Part 3 covers the operations and outbound logistics of the value chain. The development of online courses begins this section and contains a valuable discussion of the skill sets faculty members need to succeed in the online realm. The case of teaching team dynamics in the online environment provides a practical application of the skills described in the previous chapter.
Intellectual property and copyright issues create awareness at the point in the design process where it needs attention. Understandably, the authors focus on Canadian copyright law but demonstrate knowledge of copyright issues in the United States and other countries.
The function and role of the Multimedia Design Editor for Athabasca’s College of Business concludes this section and details the value of such a position for all campuses. Faculty members involved in online education will gain knowledge of successful practices and of skills that may need development by reading this part of the book. The information on necessary skills and the complexity of appropriate design will further enlighten administrators who may not have a comprehensive understanding of what constitutes the successful delivery and design of online education.
Part 4 covers the delivery and service segments of the value chain. Detailed discussion of the process of instruction in the online environment contains practical information on the handling and assessment of online discussion forums. A description of the use of call centers at Athabasca for student and faculty support and their usefulness for retention and customer service follows. A prototype online-learning management system that facilitates interaction between instructor and learner in a self-paced course illustrates possibilities for future-generation learning management systems. An explanation of libraries and the services they provide to online learners demonstrates the applicability of modern libraries to online learning. When discussing the provision of service to the online learner, the authors remind us to focus on the needs of the customer and to evaluate services frequently.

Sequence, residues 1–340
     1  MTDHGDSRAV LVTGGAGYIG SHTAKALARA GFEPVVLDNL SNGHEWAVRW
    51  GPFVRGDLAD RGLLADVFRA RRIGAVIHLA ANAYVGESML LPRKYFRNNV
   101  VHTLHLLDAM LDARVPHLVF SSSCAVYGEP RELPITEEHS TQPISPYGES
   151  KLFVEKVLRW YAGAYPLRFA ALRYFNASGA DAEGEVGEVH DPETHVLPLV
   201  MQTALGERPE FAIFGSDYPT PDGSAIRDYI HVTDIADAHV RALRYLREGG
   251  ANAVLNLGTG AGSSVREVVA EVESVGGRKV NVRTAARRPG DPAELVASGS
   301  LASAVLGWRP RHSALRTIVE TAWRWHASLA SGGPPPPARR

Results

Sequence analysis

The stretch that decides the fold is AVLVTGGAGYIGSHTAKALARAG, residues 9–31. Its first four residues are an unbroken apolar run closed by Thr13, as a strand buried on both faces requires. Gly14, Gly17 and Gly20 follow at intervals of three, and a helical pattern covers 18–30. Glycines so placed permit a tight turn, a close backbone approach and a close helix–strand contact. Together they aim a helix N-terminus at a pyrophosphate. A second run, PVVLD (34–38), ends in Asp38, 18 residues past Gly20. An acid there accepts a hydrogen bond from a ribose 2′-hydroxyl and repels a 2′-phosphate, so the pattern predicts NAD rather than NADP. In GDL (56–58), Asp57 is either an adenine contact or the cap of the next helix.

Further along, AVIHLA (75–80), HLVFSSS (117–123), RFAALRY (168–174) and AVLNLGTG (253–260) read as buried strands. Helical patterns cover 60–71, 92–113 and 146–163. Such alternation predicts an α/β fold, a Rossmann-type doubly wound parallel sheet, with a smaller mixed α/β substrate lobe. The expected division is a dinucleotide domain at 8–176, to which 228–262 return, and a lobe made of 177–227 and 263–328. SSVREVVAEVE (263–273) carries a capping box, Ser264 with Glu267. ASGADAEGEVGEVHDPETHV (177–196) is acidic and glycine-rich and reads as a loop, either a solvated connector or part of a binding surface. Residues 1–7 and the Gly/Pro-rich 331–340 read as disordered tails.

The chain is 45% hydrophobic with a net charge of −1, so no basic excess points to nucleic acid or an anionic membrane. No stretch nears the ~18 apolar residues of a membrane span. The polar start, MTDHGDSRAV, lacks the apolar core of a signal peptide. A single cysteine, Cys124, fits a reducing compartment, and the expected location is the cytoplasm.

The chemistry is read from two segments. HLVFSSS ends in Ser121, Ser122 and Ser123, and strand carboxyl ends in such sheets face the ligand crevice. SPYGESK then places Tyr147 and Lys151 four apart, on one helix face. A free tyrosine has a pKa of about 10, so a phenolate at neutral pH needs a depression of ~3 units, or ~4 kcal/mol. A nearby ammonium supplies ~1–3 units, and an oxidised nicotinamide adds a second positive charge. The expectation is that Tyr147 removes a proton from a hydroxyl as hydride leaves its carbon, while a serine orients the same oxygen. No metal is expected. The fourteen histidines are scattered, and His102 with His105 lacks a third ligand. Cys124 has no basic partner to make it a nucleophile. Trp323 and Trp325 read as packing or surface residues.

Concluding the book is a discussion of quality, not just in the online realm but also throughout higher education. Online-learning personnel, faculty, and administrators will gain ideas for strengthening and expanding programs from reading these chapters.
Although the editors of this volume did not set out to create a proscriptive treatise, the combination of chapters and their rich content provide readers with the fundamental knowledge either to begin developing an online program or evaluating an existing one. It is useful for all university personnel involved with distance education, including upper administration, program coordinators, instructional design personnel, and faculty, all of whom may read it in its entirety or only selected chapters. Program administrators will find this volume valuable as a self-education tool; for assisting with the creation of action plans for the development or evaluation of programs; and for educating administrators and faculty members. The price is right for the easily downloadable version—free. I strongly recommend the book and already use the information contained in it on a regular basis.